We’re working towards enabling additional ingestion paradigms, such as iterating over result-sets (e.g. from a traditional database) instead of following links to define the traversal. Mechanisms to seed crawls in such a fashion are also under development. For now, it may make sense to develop connectors whose ingestion paradigms are less about crawling (e.g. the Slack and JDBC connectors in Fusion) using the general Fusion connectors framework. Stay tuned for future blog posts covering new methods of content ingestion and traversal in Anda.

An Anda SDK with examples and full documentation is also underway, and this blog post will be updated as soon as it’s available. Please Contact Lucidworks in the meantime.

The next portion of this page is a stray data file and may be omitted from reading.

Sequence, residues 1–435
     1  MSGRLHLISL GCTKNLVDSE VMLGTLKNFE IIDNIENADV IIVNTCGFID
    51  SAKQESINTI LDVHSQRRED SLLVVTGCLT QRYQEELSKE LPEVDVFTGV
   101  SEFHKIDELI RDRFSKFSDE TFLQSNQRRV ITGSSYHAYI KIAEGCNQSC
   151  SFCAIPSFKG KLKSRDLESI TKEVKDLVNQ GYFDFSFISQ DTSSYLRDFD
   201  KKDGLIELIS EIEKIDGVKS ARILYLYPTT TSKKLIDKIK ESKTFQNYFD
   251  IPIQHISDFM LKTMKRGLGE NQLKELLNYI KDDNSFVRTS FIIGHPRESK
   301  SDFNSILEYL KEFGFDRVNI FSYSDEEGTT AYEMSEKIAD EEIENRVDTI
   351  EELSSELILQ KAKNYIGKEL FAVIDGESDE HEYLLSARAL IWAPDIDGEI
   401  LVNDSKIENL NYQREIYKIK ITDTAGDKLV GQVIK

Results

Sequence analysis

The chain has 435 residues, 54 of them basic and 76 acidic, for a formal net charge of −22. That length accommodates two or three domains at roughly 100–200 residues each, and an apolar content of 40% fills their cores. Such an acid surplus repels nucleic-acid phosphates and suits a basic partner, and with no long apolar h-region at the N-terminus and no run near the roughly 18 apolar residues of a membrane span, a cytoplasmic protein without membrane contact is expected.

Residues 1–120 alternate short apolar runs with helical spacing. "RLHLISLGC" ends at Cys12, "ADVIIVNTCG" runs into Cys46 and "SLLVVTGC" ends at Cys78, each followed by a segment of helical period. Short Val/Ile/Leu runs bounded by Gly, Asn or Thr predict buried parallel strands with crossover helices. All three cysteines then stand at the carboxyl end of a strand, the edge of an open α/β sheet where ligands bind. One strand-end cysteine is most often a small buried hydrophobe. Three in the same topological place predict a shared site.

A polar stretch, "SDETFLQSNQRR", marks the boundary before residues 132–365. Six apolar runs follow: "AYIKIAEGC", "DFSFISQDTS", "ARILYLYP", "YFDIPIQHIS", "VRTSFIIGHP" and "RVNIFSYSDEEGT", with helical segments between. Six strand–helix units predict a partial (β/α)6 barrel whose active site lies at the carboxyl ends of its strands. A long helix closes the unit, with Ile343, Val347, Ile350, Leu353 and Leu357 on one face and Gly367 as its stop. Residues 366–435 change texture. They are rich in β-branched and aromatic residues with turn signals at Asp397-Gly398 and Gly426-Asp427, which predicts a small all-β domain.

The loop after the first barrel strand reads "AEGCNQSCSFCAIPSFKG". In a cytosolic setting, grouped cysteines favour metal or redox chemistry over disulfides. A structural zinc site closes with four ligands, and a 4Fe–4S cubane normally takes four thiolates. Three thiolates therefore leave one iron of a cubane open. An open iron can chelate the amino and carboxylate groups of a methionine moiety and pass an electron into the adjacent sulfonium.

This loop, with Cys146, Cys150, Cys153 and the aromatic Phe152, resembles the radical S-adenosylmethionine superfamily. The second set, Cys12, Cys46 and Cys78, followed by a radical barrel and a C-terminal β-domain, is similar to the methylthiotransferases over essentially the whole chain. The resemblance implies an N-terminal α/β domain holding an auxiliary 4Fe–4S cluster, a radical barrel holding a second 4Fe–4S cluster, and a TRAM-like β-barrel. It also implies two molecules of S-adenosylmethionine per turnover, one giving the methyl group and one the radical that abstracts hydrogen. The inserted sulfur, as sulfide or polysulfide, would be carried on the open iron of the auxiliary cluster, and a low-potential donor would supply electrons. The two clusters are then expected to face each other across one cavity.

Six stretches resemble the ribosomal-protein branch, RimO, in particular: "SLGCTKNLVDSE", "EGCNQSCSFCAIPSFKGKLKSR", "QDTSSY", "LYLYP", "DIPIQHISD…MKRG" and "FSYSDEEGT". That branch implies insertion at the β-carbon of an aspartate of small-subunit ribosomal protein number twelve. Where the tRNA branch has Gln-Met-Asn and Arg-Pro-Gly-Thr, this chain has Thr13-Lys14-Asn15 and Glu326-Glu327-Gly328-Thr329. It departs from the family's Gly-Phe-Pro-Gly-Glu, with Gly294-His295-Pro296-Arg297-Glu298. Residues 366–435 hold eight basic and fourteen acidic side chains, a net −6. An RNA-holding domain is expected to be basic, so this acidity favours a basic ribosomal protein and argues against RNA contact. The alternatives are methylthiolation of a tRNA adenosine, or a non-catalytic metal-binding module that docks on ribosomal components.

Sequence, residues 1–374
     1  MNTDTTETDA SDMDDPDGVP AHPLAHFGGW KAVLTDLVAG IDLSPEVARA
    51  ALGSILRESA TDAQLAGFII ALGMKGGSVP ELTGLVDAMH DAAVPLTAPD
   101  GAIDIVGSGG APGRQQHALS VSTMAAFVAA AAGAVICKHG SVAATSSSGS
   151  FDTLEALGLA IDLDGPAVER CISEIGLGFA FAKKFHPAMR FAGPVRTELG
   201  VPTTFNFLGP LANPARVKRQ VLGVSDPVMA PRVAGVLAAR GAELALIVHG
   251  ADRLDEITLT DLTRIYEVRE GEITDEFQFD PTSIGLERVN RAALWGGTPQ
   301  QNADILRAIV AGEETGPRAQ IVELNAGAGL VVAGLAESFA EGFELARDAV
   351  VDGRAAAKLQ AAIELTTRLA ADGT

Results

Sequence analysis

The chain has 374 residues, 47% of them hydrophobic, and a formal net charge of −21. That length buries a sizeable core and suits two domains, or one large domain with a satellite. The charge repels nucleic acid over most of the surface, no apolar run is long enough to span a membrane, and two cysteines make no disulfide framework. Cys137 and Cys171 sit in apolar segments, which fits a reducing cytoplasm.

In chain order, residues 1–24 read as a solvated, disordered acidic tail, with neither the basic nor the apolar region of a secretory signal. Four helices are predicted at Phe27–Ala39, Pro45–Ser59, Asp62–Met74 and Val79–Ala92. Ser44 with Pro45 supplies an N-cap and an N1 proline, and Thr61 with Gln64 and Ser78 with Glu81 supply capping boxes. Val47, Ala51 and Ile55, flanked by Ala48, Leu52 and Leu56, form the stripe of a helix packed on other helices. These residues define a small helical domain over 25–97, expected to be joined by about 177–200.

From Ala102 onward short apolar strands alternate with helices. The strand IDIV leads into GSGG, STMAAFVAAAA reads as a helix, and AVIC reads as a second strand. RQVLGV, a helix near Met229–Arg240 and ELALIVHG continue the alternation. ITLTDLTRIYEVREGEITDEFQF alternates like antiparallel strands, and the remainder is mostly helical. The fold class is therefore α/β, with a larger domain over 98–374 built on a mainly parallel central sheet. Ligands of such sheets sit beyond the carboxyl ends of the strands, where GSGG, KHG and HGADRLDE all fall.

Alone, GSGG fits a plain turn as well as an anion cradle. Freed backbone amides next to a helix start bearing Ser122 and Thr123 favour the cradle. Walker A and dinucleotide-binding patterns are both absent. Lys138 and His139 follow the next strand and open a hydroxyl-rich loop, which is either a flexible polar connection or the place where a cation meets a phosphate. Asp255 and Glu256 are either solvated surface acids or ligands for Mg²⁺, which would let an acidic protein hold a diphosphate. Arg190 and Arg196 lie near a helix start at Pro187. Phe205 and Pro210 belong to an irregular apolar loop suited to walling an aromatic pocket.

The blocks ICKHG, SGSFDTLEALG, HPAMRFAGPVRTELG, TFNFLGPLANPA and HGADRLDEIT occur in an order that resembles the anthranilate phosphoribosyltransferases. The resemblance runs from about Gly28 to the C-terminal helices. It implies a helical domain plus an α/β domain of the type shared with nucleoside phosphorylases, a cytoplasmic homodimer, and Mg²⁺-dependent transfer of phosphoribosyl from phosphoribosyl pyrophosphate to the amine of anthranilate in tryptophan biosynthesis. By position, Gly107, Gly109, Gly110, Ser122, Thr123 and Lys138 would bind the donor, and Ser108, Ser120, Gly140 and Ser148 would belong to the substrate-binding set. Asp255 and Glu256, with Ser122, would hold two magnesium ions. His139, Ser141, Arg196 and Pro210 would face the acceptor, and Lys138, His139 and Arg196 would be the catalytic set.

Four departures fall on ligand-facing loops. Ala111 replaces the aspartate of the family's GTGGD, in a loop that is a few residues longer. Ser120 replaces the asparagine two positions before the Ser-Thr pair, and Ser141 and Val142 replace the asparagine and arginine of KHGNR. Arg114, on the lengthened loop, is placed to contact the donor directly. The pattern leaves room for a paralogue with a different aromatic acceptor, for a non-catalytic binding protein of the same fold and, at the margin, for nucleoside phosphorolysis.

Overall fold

Download Fusion

Additional Reading

Fusion Anda Documentation

Planned upcoming blog posts (links will be posted when available):

Web Crawling in Fusion
The Anda-powered Fusion web crawler provides a number of options to control how web pages are crawled and indexed, control speed of crawling, etc.

Content De-duplication with Anda
De-duplication of similar content is a complex but generalizable task that we’ve tackled in the Anda framework, making it available to any crawler developed using Anda.

Anda Crawler Development Deep-dive
Writing a Fetcher is one of the two ways to provide Anda with access to your data; it’s also possible to implement an interface called FS (short for filesystem). Which one you choose will depend chiefly on whether the target datasource can be modeled in terms of a standard filesystem. If a datasource generally deals in files and directories, then writing an FS may be easier than writing a Fetcher.